For the rest of the conference, this last exchange was referred to as "the cucumber paradigm."

I wonder if George Orwell hung around international relations types all that much.

posted by Dan at 12:17 AM | Comments (13) | Trackbacks (0)

Monday, October 22, 2007

The metamorphosis of Red Sox Nation

With the Red Sox in the World Series for the second time in four years, one fan ponders the change in the team.... and Red Sox Nation:

The 2007 version of the Boston Red Sox -- with just 28 percent of the team held over from three years ago -- may be scrappy, and they might be a tad scruffy, but they're not underdogs. Not with that payroll, not with that record, and most certainly not with that air of confidence we saw on display the last three games....

Perhaps the biggest change is simply the attitude among Boston's ever-expanding fanbase. I think that's something to regret. Three years ago, a World Series title was an elusive dream. Now it's a realistic expectation. The innocence, the unblemished joy is gone, replaced by the knowledge that the unreachable is no longer so.

Yet who would rather it be different?

As Art Martone reports in the Providence Journal's SoxBlog, however, Red Sox fans are also displaying a maturity that I don't remember existing before 2004:
As the Indians' players made their way from their clubhouse to the team bus, which was parked in right field, they found themselves being honored by an unlikely group of people.

Red Sox fans who had stayed behind at Fenway Park for the post-clinching celebration stood to the sides and created an alley for the players to walk through. And as they passed, the fans applauded, making comments like, ''Good series,'' and ''Good luck next year.''

Ex-Sox right fielder Trot Nixon was the first to pass, and he seemed surprised by the ovation. The other Cleveland players passed stoically, but Travis Hafner had a smile on his face.

It all occured at around 1 a.m.

UPDATE: Of course, it's worth pointing out that the Red Sox are merely one prong of a sports town that's become an emerging hegemonic power (Patriots, Celtics, Boston College, etc.). This apparently has New York sports fans in a bit of a lather:
Being a New Yorker, I'm still getting used to this strange new world. I wake up in the hotel, turn on the TV, and there's Belichick, the cheater. "We had a lot of trouble with Miami," he says. "They're a good team."

Sure, the Dolphins with quarterback Cleo Lemon would prove a regular juggernaut. It's a wonder they held Tom Brady to fewer than seven touchdown passes. Apparently, the fans in Miami broke into a chant: "Let's go Red Sox. Let's go Red Sox."

I don't like Belichick, the lying dog, so I turned off the TV and read the paper. There was a whole section on row boating, which is huge here.

Let's go Red Sox. Let's go Red Sox. These beery kids in the bars outside Fenway chant through the night. Whatever happened to Boston's lovable losers? And the intelligentsia who glorified them? Where's Tip O'Neill? Everything is upside down. Even Ben Affleck has given up acting in bad movies to direct good ones.

Let's go Red Sox. The kids keep on chanting until their Red Bull highs subside.

The horror. For a New Yorker, it's like being in a Stephen King movie.

posted by Dan at 11:22 PM | Comments (4) | Trackbacks (0)

Sunday, October 21, 2007

Oh, s#$t

Not good. Not good at all:

At least 12 Turkish soldiers were killed in an ambush by Kurdish militants shortly after midnight on Sunday, in an audacious attack that sharply increased the pressure on Turkey’s government to send troops into northern Iraq.

A group of Kurdish fighters moved into Turkey from northern Iraq, the Turkish military said, and attacked Turkish soldiers based near the town of Hakkari, about 25 miles from the border, in three different locations, killing 12 and injuring another 16. Turkish soldiers then struck back, firing from helicopters and from the ground, killing at least 23 militants, according to the military, which provided its account in a statement.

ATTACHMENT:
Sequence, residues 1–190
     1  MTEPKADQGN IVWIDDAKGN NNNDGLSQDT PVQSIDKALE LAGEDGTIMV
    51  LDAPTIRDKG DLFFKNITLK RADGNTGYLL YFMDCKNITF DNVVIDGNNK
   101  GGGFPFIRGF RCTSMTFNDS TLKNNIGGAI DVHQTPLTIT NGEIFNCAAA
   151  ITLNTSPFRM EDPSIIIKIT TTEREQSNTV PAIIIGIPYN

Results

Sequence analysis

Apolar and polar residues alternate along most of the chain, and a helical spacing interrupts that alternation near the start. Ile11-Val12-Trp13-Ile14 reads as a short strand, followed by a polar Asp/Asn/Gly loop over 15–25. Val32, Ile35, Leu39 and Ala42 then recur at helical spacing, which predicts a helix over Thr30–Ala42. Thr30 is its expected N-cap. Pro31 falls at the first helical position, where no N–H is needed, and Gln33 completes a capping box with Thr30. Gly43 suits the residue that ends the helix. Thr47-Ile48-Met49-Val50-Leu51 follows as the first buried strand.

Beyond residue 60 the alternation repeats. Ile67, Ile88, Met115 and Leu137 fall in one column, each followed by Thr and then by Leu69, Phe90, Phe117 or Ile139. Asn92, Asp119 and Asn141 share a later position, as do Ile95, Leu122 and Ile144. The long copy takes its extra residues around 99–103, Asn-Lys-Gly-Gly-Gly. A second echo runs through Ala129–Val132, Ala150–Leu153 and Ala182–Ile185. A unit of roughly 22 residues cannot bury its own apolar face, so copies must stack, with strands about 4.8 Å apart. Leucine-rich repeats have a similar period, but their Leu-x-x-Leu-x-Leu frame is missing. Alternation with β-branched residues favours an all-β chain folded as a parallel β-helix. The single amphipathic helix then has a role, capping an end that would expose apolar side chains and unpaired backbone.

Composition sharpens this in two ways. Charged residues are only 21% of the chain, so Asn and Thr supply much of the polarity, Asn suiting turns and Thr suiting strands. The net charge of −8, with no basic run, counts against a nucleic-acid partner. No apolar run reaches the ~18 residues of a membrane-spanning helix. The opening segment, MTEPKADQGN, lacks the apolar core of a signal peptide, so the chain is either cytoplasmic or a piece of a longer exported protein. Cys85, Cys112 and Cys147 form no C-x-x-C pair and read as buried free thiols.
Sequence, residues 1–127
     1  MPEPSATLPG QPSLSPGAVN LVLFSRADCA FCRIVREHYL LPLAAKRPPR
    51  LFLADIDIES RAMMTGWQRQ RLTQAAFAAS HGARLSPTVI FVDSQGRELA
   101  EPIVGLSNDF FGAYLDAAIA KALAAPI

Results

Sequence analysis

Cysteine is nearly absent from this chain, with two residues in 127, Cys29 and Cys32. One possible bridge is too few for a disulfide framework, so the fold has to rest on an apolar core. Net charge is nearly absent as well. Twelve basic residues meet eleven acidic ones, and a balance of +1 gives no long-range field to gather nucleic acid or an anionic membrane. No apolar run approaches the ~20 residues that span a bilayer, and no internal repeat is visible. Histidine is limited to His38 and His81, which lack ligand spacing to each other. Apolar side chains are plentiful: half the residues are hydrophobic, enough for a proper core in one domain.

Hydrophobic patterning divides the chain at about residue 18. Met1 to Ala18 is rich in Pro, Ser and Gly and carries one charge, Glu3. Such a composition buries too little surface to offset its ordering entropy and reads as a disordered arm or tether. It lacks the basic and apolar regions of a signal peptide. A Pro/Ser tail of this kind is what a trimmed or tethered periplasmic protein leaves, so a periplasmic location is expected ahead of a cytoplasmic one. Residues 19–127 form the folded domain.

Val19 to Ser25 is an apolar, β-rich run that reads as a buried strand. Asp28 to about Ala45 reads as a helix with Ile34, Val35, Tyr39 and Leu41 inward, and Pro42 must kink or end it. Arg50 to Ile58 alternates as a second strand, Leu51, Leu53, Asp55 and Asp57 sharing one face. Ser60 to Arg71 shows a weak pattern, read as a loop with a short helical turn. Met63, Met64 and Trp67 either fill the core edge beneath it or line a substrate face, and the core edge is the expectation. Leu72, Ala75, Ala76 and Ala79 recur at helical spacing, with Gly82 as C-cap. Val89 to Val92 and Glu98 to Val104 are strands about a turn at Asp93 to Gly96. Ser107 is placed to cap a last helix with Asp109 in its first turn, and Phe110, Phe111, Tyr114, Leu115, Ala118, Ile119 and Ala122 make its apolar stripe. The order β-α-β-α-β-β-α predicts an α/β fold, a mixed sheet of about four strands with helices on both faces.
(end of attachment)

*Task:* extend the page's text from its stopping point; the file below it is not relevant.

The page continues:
In a statement on a Kurdish website, the militants said they captured eight Turkish soldiers, but the claim could not be substantiated.

The attack came just four days after Turkey’s parliament voted to give the government of Prime Minister Recep Tayyip Erdogan full authority to send troops into northern Iraq to strike at Kurdish militants who hide there.

At the time, Turkish officials emphasized that they would not immediately apply the authority, and security experts said the resolution would be used mainly as political leverage to press the United States and its Iraqi Kurdish allies to act against the Kurdish militants, the Kurdistan Workers Party, known by its initials, the P.K.K.

But Sunday’s attack was one of the worst in recent memory, and the government, which has been skeptical of an offensive in the past, will be under intense pressure to act.

UPDATE: The AP calms me down... a little:
Defense Secretary Robert Gates said Sunday it appears Turkey's military is not on the verge of invading northern Iraq in pursuit of Kurdish rebels responsible for a deadly attack on Turkish soldiers.

Gates told reporters that in a meeting with Turkish Defense Minister Vecdi Gonul, he advised against launching a major cross-border incursion despite the continuing provocations.

''I'm heartened that he seems to be implying a reluctance on their part to act unilaterally, and I think that's a good thing,'' Gates said. ''I didn't have the impression that anything was imminent.''....

In his remarks to reporters, Vecdi said he told Gates that Turkey expects the U.S. to do more to constrain the PKK in Iraq, although he would not spell that out in detail.

''We'd like to have something tangible'' from the Americans, he said. ''We expect this. Any kind of tangible actions.''

Asked what Turkey's military leaders were preparing for, Gonul replied: ''They are planning to cross (the) border.''

ANOTHER UPDATE: The NYT has more on what the U.S. will need to do to prevent Turkey from a cross-border incursion:
Mr. Erdogan said he had told Ms. Rice in a phone conversation Sunday night that Turkey expected “speedy steps from U.S.” in cracking down on Kurdish rebels, and according to The Associated Press, he said that she had expressed sympathy and asked “for a few days” from him. The Iraqi government also began a concerted effort to reach out to Turkey.

“Our anger is great,” Mr. Erdogan said on national television here before he conferred with Turkey’s top political and military officials in an emergency security meeting. “We have the decisiveness to act on these events in cold-blood, and so we are determined.”

The early-morning attack, which were condemned by Iraqi officials and the Bush administration, sharply increased the pressure on Turkey’s government to ignore the wishes of its American allies and send troops into northern Iraq.

posted by Dan at 01:22 PM | Comments (10) | Trackbacks (0)